As the floodwaters recede across the Gulf Coast following Hurricane Harvey, the arduous process of claims investigation begins to unfold. CAT adjusters from across the country are travelling to the impacted areas to assess property losses and assist insurance carriers in reaching accurate settlements.
For many adjusters, one of the most difficult property components to assess is the HVAC system. HVAC equipment is simply too expensive to indiscriminately write replacement estimates, and accurate pricing and availability is also difficult for adjusters to access. Moreover, determining if the equipment is damaged is itself a difficult task – it’s not always a matter of just turning on the system to determine whether or not it works. Many of the properties are still without power, and once restored, diagnosis may prove difficult without first determining the full extent of potential damages.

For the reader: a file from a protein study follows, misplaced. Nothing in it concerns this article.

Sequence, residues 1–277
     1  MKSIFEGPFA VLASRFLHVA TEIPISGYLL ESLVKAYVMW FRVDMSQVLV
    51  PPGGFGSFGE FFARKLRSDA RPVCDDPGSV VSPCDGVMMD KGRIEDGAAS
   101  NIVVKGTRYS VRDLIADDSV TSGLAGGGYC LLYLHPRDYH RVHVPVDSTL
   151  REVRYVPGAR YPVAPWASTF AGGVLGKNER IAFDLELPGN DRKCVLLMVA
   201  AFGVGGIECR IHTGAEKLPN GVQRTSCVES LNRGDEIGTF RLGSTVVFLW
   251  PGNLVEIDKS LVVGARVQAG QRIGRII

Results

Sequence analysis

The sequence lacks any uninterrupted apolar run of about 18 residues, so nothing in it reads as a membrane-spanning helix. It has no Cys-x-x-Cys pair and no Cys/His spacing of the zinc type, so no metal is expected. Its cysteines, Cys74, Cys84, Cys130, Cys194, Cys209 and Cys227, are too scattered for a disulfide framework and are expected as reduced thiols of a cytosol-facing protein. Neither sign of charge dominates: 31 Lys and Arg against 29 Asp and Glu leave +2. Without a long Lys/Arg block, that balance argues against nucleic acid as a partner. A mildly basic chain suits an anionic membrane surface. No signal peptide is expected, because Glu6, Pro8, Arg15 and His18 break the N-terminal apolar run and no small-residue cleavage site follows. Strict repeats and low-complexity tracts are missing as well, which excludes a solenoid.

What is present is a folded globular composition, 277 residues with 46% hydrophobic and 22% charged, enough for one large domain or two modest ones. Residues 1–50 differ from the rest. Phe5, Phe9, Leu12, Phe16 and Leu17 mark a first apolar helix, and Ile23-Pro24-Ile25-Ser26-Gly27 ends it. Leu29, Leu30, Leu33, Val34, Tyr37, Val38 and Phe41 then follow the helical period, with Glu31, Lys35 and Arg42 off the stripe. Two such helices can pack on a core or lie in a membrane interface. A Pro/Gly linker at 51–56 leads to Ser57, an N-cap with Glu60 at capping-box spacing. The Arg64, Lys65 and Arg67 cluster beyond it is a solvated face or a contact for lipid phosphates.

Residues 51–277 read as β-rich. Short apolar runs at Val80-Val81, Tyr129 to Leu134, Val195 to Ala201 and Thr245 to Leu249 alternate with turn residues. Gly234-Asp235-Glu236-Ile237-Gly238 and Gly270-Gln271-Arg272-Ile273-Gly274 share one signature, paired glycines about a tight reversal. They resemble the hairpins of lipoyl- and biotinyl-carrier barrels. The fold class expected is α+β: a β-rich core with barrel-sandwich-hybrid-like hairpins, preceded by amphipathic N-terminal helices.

The first step in this evaluation process is to perform a visual inspection to determine how high the water rose and what components may be affected.
This illustration depicts the amount of water that can accumulate before affecting a ground-mounted condensing unit. (Photo: HVACi)
Outdoor equipment inspection
The first component to be assessed for damage is the outdoor condensing unit, typically located on the ground or on the roof of the property. If the unit is located on the roof, it is unlikely that it suffered any damage from floodwaters, although it should still be checked for any additional storm damage.
Condensing units are designed to withstand the elements, but muddy, rushing floodwaters can impact ground-mounted systems and lead to repair actions ranging from a simple coil cleaning to a full system replacement. The water can typically rise to the compressor terminals before causing significant damage, as seen in the illustration here.
When assessing the outdoor condensing unit, here are a few things to look for:
- Check for dirt and debris stuck in the condenser coil fins. Where the debris ends typically indicates how high the floodwaters rose on the unit.